— Pitirim A Sorokin, The Sociology of Revolution (J. B. Lippincott Company, 1925), footnote, pg. 345

 

 

— posted by Roger W. Smith

May 2020

 

 

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See also my post:
“Darkness, Despair, Death Grip Russian Educators” (Sorokin on Russian universities, post-Revolution)

 

https://pitirimsorokin.com/2019/03/24/darkness-despair-death-grip-russian-educators-sorokin-on-russian-univerities-post-revolution/

Preface, etc. – Sorokin, “Social Mobility” (1927)

 

 

Preface, etc. – ‘Social Mobility’

 

 

See downloadable PDF file, above.

 

 

I have obtained a rare copy of Sorokin’s groundbreaking work Social Mobility (1927), which was later republished as  Social and Cultural Mobility.

The characteristic vigorous Sorokin style is already on display here.

I was struck by the following passage from Sorokin’s  preface:

 

Speculative sociology is passing over. An objective, factual, behavioristic, and quantitative sociology is successfully superseding it. This explains why I have tried to avoid basing my statements on the data of “speech reactions” only; why in the book there is not much of speculative psychologizing and philosophizing; why, wherever it has been possible to obtain reliable quantitative data, I have preferred to use them instead of purely qualitative description. For the same reason I have tried to avoid an “illustrative” method, consisting in confirmation of a statement by one or two illustrative facts. Still used extensively in sociology this “method” has been responsible for many fallacious theories it the field of social sciences. It is time to declare a real war on this “plague of sociology.” Trying to avoid it I have endeavored to support each of my principal statements by at least a brief survey of the whole field of the pertinent facts and by indicating at least the minimum of literature where further factual corroboration may be found. When I have not been sure that a certain relationship is general or firmly established, I have stressed its local or hypothetical character.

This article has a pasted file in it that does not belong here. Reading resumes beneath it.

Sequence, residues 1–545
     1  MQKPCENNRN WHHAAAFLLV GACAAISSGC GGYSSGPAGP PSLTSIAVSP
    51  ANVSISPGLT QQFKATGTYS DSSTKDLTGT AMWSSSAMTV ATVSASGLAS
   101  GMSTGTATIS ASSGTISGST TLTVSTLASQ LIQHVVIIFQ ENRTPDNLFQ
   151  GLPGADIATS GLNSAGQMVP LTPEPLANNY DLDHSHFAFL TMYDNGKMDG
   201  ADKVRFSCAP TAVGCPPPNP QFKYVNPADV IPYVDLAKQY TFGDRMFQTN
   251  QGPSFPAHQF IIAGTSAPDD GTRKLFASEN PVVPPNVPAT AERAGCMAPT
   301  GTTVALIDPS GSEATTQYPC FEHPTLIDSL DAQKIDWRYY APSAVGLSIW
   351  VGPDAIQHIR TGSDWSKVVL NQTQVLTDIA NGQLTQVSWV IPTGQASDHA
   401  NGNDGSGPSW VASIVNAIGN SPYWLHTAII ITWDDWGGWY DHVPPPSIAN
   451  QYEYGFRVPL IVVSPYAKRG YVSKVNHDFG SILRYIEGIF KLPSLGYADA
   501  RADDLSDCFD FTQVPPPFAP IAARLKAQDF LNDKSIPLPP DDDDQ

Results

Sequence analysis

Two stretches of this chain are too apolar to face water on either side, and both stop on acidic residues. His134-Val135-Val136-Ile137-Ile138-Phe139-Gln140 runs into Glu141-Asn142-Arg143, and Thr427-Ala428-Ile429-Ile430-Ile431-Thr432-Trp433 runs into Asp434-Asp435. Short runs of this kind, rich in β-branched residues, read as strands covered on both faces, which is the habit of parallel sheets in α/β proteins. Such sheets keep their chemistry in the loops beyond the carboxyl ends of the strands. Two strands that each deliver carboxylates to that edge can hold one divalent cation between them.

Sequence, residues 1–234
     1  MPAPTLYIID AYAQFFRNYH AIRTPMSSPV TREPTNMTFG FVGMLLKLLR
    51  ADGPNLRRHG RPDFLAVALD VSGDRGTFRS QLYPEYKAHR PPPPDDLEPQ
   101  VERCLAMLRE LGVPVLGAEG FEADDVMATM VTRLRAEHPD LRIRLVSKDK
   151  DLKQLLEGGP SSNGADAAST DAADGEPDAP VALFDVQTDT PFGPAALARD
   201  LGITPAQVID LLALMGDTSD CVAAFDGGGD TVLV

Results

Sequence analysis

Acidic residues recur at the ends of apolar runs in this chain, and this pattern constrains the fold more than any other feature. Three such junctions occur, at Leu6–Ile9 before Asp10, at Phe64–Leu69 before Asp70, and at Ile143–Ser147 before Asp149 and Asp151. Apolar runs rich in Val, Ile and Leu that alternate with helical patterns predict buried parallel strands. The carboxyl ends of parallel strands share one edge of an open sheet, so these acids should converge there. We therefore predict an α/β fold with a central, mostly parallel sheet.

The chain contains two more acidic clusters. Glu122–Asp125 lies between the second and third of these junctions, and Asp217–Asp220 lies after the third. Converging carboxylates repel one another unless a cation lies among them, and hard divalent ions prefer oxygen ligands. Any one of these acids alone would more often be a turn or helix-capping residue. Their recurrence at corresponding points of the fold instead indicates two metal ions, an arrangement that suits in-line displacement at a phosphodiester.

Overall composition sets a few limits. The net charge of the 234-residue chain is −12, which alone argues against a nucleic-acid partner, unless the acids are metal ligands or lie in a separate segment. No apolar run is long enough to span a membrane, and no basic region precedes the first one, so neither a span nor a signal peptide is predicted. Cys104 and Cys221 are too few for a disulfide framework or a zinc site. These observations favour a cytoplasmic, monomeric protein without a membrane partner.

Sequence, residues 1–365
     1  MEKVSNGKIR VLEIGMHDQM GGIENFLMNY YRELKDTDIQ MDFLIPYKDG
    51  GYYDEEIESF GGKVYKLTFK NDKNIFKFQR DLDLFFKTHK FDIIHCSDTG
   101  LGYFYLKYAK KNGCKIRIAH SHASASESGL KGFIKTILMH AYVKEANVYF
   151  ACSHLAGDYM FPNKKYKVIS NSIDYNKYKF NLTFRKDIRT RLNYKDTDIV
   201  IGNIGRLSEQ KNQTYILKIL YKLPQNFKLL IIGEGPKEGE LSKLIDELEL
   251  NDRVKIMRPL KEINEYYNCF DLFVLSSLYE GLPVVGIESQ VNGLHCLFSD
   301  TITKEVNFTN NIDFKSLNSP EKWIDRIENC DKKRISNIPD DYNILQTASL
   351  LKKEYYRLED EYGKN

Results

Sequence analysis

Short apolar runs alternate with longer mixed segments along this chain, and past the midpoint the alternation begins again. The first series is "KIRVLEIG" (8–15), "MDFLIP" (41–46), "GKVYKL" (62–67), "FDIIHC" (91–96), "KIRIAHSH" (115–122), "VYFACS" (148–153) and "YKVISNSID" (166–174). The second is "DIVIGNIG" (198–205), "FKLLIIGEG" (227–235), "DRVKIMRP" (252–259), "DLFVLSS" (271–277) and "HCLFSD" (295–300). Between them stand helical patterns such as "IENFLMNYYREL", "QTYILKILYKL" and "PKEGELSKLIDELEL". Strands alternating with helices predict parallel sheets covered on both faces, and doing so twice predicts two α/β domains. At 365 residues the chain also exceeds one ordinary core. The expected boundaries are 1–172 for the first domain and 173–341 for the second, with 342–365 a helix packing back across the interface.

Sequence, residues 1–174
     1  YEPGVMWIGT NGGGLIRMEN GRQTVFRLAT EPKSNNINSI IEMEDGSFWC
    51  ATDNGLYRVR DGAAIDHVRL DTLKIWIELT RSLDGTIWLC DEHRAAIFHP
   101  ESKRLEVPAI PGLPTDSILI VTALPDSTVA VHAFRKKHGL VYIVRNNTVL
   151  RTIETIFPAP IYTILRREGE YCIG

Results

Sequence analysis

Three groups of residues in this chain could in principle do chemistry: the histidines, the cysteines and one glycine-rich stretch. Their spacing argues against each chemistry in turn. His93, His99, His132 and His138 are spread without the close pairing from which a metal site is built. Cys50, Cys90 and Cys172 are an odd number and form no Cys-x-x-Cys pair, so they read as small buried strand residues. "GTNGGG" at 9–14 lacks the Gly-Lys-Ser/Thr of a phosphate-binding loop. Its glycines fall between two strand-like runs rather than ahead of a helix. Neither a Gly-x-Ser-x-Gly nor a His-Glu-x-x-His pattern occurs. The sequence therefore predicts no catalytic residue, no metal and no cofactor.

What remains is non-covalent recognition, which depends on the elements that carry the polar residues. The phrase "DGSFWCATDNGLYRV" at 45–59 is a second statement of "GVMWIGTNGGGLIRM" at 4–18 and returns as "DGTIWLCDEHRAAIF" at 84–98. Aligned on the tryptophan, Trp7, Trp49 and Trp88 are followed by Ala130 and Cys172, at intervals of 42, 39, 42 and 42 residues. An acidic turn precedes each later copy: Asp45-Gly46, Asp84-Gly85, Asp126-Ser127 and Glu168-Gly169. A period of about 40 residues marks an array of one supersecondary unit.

Another “plague” of sociological theories has been their permeation with “preaching or evaluating judgments” of what is good and what is bad, what is “useful” and what is “harmful.” Sociological literature is inundated with “preaching works,” 90 per cent of which are nothing but mere speculation, often quite ignorant, given in the name of science. As the primary task of any science is to face the facts as they really exist; and as such “preaching” only compromises the science itself, it must be avoided by all who care for and understand what science means. This explains why the book, with the exception of a very few casual remarks, is free from such “preaching.”

Trying to face the facts I naturally do not care at all whether my statements are found to be “reactionary” or “radical,” “optimistic” or “pessimistic.” Are they true or not-this is the only thing that is important in science. If disfiguring the facts of sociology in the interests of the upper classes is a crime against science, no less a crime is disfiguring the reality in the interests of the lower classes. Either of these crimes should be fought by scientific sociology.

 

 

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The emphasis on a scientific, statistical, quantitative approach to sociology — reflecting trends in Russian and European sociology by which Sorokin was influenced — is evident.

‘[I]n the book there is not much of speculative psychologizing and philosophizing … wherever it has been possible to obtain reliable quantitative data, I have preferred to use them instead of purely qualitative description,” Sorokin writes. He inveighs against the “plague” of sociological theories permeated with “preaching or evaluating judgments.”